Rupert D’Cruz QC of Littleton Chambers, leading Ramby de Mello of No 5 Barristers Chambers, succeeded in overturning a decision of the Home Department to disqualify a large investment scheme devised to support Tier 1 Investor Visa applications.
The Appellant and more than 100 others invested over £100 million pounds in an investment scheme that was designed to secure points for Tier 1 Investment Visa applications. This was a test case as to the validity of the scheme for this purpose.
Under the Immigration Rules in force at the time, a Tier 1 Visa (and, with it, the right to remain in the UK) could be acquired if applicants invested at least £1 million in active trading UK companies. However the Rules: (i) also required that the investment be ‘under the control’ of the investor at the time of investment’; and (ii) excluded investments made through 4 types of investment vehicles, each of which shares a common trading characteristic of accumulating funds from several investors and using their pooled funds for onward investments of various kinds.
Under the scheme in question investors entered an agreement by which Company A agreed to loan each of them (at least) £1 million to invest in an active trading UK company. In each case, the loan funds were transferred directly by Company A to Company B (an active trading UK company) on the instructions of the investors. Company B was an affiliate of Company A. The transfers to Company B were made pursuant to separate loan agreements between the investors and Company B, by which the investor agreed to lend Company B the same loan amount borrowed from Company A.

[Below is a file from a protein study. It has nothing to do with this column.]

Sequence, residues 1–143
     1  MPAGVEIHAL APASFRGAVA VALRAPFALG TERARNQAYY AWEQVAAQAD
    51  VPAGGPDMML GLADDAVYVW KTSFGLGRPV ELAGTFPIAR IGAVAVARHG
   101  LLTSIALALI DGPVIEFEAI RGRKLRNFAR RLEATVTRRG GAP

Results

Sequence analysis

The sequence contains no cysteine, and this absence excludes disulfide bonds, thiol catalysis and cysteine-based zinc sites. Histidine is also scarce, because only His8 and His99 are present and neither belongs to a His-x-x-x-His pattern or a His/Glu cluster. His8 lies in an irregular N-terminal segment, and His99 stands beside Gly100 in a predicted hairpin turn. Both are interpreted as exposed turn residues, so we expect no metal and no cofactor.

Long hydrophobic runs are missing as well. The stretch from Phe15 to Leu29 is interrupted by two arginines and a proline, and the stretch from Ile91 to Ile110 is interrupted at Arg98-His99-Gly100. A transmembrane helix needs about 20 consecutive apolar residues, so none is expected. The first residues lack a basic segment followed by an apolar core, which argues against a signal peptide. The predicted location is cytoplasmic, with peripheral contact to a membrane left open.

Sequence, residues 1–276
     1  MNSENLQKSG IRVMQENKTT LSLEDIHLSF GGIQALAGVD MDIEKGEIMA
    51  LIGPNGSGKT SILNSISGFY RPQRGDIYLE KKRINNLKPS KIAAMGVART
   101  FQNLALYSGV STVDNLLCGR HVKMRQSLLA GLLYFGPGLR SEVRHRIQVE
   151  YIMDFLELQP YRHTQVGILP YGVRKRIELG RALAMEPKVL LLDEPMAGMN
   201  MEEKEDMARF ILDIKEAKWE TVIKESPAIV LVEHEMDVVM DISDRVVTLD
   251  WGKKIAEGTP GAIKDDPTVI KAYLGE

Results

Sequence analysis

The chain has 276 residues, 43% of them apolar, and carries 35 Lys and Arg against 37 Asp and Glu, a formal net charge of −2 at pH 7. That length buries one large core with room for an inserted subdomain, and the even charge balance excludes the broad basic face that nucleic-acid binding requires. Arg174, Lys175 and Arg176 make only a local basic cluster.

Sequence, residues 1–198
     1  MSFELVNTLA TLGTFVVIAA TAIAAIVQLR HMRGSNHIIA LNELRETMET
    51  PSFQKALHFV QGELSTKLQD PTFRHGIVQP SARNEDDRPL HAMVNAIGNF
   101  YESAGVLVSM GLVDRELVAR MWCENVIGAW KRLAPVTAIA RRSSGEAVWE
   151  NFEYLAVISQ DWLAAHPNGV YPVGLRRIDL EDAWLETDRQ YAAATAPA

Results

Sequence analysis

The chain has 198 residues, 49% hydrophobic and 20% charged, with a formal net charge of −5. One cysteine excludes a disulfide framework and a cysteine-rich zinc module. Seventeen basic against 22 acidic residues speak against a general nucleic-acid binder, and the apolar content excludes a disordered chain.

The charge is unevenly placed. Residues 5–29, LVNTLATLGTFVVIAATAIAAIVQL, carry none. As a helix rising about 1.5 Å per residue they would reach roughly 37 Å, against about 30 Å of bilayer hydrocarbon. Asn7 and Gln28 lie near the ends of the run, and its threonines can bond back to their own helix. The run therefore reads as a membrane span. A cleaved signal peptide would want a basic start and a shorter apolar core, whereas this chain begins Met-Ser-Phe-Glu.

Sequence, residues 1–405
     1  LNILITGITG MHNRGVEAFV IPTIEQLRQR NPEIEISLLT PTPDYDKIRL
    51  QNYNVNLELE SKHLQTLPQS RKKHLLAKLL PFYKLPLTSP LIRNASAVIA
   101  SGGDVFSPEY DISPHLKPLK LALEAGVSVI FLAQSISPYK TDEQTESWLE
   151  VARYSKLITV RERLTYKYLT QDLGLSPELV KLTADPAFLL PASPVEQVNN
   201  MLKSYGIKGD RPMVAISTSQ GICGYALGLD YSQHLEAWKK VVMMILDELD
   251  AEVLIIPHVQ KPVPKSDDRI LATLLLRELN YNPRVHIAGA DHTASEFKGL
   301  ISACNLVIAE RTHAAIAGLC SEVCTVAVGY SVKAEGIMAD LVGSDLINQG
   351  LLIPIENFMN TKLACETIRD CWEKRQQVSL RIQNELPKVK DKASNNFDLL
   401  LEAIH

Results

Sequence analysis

Company B used the loan funds, principally, to trade in securities listed on the Russian stock exchange.
The Home Department refused the Appellant’s application for further leave to remain in the United Kingdom on the basis that: (i) her loan to Company B was not under her control when it was invested in Company B because there was deemed to be a requirement in her loan arrangement with Company A that the loan to her be invested in Company B; and (ii) the loan to Company B was deemed to be an excluded investment, because Company B’s trading activities shared common characteristics to those of the excluded investment vehicles.
On a Judicial Review, the Upper Tribunal upheld the Home Department’s decision.
In a judgment handed down on 11 May 2021, the Court of Appeal overturned that ruling and quashed the Home Department’s decision on the basis that:
Please click here to view the full judgment.